Post-traumatic stress disorder

What is post-traumatic stress disorder?

Post-traumatic stress disorder (PTSD) is a type of anxiety disorder that affects people who have witnessed or been involved in a traumatic event. Symptoms of PTSD persist for more than one month after exposure to a traumatic event, and can disrupt the lives of people affected and their families. PTSD is has a long history and has been referred to by a number of different names in the past, including ‘shell shock’ and ‘battle fatigue’.

Causes of PTSD

PTSD happens to people who have experienced very unpleasant, traumatic events in their lives. These events usually involve witnessing or being personally at risk of death, near death, or serious injury. Being involved in the horrors of war is one of the best known triggers for PTSD, but a wide variety of other situations can cause it.

These include motor accidents, physical and sexual assault, armed robbery, natural disasters such as a bushfire or cyclone, or having a heart attack or other life-threatening medical diagnosis. People such as emergency workers and ambulance officers, whose work brings them into frequent contact with unpleasant events, are not immune and may experience PTSD.

PTSD symptoms

People with PTSD usually show a similar range of symptoms, including the following:

  • persistently re-experiencing the event (recollections, flashbacks, vivid dreams and nightmares);
  • avoiding places, sounds or other things which trigger memories of the event;
  • a generally ‘flat’ mood, or emotional ‘numbing’;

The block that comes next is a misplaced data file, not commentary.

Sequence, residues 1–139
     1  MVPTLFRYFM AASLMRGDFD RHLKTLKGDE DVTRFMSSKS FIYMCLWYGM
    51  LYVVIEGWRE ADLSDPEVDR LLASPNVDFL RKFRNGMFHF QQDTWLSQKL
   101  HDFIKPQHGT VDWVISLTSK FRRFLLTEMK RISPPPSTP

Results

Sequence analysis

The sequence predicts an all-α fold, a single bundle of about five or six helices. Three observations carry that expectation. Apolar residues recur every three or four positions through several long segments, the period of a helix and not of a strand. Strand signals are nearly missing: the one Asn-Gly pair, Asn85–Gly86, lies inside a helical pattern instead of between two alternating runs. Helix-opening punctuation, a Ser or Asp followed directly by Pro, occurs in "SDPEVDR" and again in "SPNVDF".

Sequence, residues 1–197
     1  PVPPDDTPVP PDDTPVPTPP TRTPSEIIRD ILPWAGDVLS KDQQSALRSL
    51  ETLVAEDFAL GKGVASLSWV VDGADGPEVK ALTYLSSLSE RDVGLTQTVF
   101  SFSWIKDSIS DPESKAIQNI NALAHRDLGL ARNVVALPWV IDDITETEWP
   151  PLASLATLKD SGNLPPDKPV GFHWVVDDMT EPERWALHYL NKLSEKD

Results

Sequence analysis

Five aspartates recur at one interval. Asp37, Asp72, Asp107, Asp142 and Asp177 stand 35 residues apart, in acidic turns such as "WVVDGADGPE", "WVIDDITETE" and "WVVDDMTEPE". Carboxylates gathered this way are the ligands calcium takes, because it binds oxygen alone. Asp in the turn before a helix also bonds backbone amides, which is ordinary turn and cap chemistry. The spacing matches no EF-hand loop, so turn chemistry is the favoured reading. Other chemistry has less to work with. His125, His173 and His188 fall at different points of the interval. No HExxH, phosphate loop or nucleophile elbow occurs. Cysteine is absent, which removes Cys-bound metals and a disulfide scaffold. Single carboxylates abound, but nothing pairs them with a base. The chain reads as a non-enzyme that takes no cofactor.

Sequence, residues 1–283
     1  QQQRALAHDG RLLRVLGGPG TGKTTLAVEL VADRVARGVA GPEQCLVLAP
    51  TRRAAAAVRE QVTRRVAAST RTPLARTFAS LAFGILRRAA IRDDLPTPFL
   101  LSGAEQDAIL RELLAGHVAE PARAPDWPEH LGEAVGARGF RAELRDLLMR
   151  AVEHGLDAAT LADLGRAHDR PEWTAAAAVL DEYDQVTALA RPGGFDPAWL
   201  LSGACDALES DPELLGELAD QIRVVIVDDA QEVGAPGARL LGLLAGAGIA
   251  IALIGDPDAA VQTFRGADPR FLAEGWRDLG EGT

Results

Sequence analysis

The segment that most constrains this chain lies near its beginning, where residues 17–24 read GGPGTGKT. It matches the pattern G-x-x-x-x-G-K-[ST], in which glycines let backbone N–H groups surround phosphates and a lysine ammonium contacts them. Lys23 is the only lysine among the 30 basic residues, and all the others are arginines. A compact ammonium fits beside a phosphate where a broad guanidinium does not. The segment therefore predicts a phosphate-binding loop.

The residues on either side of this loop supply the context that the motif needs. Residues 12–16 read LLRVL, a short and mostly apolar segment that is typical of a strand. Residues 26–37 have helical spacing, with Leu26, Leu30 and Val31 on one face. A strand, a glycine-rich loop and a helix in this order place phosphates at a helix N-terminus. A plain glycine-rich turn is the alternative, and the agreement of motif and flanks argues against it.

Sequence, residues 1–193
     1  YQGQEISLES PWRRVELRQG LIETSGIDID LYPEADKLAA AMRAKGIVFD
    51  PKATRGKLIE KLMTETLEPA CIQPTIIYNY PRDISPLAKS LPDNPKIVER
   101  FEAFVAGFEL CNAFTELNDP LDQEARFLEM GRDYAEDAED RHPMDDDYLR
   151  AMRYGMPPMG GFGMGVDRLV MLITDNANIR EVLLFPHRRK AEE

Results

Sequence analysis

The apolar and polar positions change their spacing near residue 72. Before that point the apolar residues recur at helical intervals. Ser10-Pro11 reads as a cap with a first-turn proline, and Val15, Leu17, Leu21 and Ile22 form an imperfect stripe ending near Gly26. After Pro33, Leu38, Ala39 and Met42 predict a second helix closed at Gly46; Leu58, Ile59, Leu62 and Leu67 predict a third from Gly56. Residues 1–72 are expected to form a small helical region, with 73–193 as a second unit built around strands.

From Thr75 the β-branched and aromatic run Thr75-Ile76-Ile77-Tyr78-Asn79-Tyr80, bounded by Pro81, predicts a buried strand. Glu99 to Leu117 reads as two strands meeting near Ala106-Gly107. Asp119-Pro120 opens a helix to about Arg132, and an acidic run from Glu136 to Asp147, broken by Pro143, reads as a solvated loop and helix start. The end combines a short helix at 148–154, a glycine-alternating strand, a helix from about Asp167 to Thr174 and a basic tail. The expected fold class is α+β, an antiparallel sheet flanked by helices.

• irritability, and being easily upset, startled or angered; and
  • having trouble sleeping.

Because of a reluctance to talk about unpleasant experiences, many cases of PTSD go undetected for years. Often the problem is mistaken for anxiety or depression.

People with PTSD have a higher incidence of alcohol and other substance abuse. PTSD commonly leads to problems with relationships. Depression is also more common among people with PTSD.

Treatment

PTSD can be effectively treated with education, counselling, support and medicines, as well as management of associated mood disorders and substance abuse problems.

Cognitive behaviour therapy, a form of psychotherapy, is one of the main treatments used for PTSD. Another treatment known as eye movement desensitisation and reprocessing (EMDR) can also be beneficial. EMDR is a type of psychotherapy that is combined with eye movements (or other types of rhythmic stimulation) to stimulate the brain's information processing mechanisms.

PTSD can have a major effect on the individual and their family members, but sufferers often hide or diminish their symptoms. If you or someone you know has symptoms that may indicate PTSD, you should contact your doctor to talk about it.

Last Reviewed: 31 October 2012
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References

1. Post-traumatic stress disorder (revised October 2008). In: eTG complete. Melbourne: Therapeutic Guidelines Limited; 2012 Jul. http://online.tg.org.au/complete/ (accessed Nov 2012).
2. Australian Centre for Posttraumatic Mental Health. Australian Guidelines for the Management of Adults with Acute Stress Disorder and Posttraumatic Stress Disorder [published 2007, Feb; accessed Nov 2012]. Available from: http://www.acpmh.unimelb.edu.au/resources/resources-guidelines.html#1
3. Bisson J. Post-traumatic stress syndrome. Clinical Evidence [online] 2010 [cited Feb 3]. URL: http://clinicalevidence.bmj.com/ (accessed 2012 Nov).
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